In the jewelry industry, they are known as the “four C’s”: Carat, Color, Clarity, and Cut. But a word, Humpty told Alice, can mean whatever the speaker wants it to. But once you know what these words are supposed to mean, you can judge for yourself whether someone offering loose diamonds for sale online is being honest with you, or Humptying around. Briefly, all of the “four C’s” describe one thing: rarity.
In ancient times, the carob seed was used to weigh precious gems, gold, silver or platinum. The diamond was placed in one pan of the scale, and carob seeds were placed in the other pan until it balanced. Each seed was called a “carat”. By the 1900s, however, the carob seeds and two-pan scales were obsolete, so a carat was standardized for jewelers at 1/5 of a gram, and each carat was subdivided into 100 “points”. So a half-carat diamond weighs 50 points, or 0.10 grams. This standard remains, whether among professional merchants, or on web sites offering loose diamonds for sale online.
Only one in a million diamonds unearthed can be successfully cut into a one-carat polished stone. But only one in three million can be cut into a two-carat stone. Thus, two-carat diamonds are three times as rare as one-carats, and therefore three times as expensive.
Mixed in with the crystals are traces of the materials that surrounded them while they changed from coal into diamonds. Some of these trace elements will give a diamond a light tint, usually yellow, but often blue, red or other more exotic hues.
The Gemology Institute of America (GIA) grades diamond color on a scale from D to Z, D being colorless and Z being yellow. Anything above Z on the GIA scale is referred to as “fancy” colored. As previously mentioned, rarity is the key to evaluating diamonds. So the most valuable diamonds are either as close as possible to colorless, or are fancy. The most popular diamonds range from D to J, or from colorless to nearly colorless, and the price goes up about 10 to 15% for each GIA grade.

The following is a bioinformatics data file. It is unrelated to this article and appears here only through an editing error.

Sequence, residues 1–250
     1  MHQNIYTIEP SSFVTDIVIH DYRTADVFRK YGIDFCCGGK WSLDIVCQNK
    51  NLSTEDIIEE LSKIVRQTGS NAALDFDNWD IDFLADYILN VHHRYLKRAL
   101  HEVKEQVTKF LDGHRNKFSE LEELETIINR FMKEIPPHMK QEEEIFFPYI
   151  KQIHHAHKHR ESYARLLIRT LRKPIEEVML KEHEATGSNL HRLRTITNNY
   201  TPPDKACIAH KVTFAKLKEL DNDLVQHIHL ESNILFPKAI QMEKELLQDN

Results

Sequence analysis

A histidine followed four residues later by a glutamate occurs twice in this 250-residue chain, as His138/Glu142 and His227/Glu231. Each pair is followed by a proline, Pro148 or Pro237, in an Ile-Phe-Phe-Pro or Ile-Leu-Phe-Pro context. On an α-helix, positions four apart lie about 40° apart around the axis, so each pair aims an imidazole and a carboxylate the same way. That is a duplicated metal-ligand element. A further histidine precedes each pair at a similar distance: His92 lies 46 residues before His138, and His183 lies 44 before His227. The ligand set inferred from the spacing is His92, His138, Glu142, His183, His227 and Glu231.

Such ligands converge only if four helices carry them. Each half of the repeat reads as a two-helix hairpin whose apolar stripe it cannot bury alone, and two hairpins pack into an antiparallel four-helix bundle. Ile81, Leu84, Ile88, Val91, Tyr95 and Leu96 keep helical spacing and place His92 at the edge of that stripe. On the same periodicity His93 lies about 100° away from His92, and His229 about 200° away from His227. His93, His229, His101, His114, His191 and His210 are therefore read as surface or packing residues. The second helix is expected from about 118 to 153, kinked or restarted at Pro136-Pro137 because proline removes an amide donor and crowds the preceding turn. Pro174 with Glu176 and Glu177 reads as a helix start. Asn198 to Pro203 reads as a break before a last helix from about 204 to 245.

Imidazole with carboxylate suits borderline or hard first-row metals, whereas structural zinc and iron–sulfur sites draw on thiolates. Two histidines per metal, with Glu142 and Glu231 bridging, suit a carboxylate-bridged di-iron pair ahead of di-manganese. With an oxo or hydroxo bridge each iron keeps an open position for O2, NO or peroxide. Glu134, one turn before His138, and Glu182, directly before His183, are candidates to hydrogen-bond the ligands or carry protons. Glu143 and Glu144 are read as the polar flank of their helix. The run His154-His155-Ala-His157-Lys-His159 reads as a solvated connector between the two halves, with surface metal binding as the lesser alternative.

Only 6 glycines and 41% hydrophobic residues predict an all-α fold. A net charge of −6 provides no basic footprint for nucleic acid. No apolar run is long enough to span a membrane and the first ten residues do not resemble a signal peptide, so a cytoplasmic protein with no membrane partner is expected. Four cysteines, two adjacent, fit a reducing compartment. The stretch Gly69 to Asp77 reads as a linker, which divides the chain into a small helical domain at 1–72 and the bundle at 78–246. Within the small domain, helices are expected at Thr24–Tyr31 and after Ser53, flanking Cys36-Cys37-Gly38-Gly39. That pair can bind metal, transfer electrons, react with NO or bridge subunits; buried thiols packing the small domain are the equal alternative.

Trace elements can also cause internal flaws, called “inclusions,” including specks, cloudy areas, or “feathering”. The GIA also grades for clarity, ranging from FL (Flawless), IF (Internally Flawless), VVS 1 and 2 (Very Very Slightly Included), VS 1 and 2 (Very Slightly Included), SI 1 and 2 (Slightly Included) to I 1-3 (Included). These flaws are not visible to the naked eye until the SI2 grade. Those graded higher have flaws seen under a 10X magnification, and only experts can distinguish the finer grades. But the higher the grading is, the rarer the gem, thus more valuable.
A diamond will have 57 facets, 58 if you count the cullet. It has five parts:
1. the table (flat top);
2. the crown (embellishments around the table but above the girdle);
3. the girdle (setting edge);
4. the pavilion; and
5. the cullet (pointy bottom, which can be flattened to avoid chipping).
The pavilion must be formed at the proper depth, so that light passing through the diamond will be refracted and reflected back up to increase the brilliance of the set, polished gem.
Cuts are graded as Ideal, Excellent, or merely Very Good.
Let the Buyer be aware
When comparing loose diamonds for sale online, all four C factors must be considered in order. Fortunately, GIA has a grading system, provided for each gem.